The inspector general recommended that the agency change its procedures for vetting potential conflicts, noting that Becker, as the agency’s top lawyer, was Lenox’s boss. In the future, Kotz said, the ethics counsel should report to the SEC chairman, not the general counsel.
The report noted that Lenox based some of his advice on an “incorrect understanding” of the SEC’s role in the Madoff case and that he never “took any further steps to better understand the extent and nature of Becker’s involvement” in the matter.
When questions arose in February 2011 concerning Becker’s participation in the Madoff liquidation, Lenox told Becker in an e-mail: “Please just blame me; you did what you were supposed to do,” according to the report.
Lenox’s lawyer, Harvey Pitt, didn’t immediately respond to a request for comment. Pitt has said that Lenox’s advice “was thoughtful, correct and has been mischaracterized repeatedly.”
Kotz has referred other matters to criminal authorities, including allegations that SEC officials backdated leasing documents to hide a missed deadline and that two employees engaged in insider trading. The Justice Department doesn’t necessarily have to open a case based on the referral.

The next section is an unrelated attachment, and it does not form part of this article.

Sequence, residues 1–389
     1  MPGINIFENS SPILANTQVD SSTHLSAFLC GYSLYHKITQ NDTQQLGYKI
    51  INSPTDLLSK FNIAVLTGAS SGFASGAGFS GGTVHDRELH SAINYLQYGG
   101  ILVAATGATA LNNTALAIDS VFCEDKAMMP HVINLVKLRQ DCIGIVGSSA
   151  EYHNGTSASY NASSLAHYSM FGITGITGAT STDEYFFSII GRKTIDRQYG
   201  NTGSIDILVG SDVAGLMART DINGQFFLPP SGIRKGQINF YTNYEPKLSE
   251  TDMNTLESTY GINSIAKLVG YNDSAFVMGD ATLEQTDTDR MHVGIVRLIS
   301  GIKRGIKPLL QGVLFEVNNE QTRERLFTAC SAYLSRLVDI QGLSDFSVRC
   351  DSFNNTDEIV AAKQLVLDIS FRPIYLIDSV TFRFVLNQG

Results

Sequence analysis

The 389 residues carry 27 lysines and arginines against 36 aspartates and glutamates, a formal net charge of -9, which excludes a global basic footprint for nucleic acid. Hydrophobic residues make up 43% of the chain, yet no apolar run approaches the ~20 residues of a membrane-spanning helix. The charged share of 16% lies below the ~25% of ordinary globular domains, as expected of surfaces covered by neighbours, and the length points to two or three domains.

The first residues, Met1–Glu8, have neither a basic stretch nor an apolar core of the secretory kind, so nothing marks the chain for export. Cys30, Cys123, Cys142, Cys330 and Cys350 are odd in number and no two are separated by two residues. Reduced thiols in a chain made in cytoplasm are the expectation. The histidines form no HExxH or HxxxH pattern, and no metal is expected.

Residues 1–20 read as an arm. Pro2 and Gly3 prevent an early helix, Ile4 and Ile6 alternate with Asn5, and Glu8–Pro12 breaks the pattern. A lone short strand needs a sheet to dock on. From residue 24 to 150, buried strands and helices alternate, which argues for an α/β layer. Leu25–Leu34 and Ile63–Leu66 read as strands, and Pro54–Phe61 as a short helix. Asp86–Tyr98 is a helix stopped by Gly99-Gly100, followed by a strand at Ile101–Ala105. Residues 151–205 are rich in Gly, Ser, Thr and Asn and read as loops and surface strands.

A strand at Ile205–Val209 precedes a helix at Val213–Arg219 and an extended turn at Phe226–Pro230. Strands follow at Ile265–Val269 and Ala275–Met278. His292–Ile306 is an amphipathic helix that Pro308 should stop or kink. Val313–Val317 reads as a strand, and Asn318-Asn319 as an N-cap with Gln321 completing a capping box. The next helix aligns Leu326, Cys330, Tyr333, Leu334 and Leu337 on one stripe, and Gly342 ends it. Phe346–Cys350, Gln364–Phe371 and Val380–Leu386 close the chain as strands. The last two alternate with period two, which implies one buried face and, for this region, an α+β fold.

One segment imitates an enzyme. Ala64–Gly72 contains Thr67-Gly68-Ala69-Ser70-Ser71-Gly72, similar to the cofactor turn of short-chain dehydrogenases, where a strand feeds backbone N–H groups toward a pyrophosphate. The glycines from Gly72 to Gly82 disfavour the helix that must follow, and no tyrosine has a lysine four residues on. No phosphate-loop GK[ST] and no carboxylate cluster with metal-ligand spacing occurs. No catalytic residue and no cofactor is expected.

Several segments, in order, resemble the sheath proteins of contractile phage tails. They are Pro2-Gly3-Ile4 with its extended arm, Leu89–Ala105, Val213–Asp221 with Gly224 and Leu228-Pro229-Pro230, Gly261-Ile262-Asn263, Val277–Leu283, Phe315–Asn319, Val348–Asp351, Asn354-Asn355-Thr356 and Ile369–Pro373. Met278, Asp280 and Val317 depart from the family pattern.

Representative Darrell Issa, a California Republican who is chairman of the Oversight and Government Reform Committee, and Representative Randy Neugebauer, a Texas Republican who heads a Financial Services subcommittee on investigations, have spearheaded a congressional review of the matter. Neugebauer’s panel and an Oversight subcommittee have scheduled the joint hearing for Sept. 22.
Becker, 64, worked as a clerk for former U.S. Supreme Court Justice Stanley Reed after graduating from Columbia University School of Law, where he was editor-in-chief of the law review. He was the SEC’s general counsel from 1999 to 2002 before rejoining the agency in 2009. After leaving the SEC in February, he returned to law firm Cleary Gottlieb Steen & Hamilton LLP as a partner.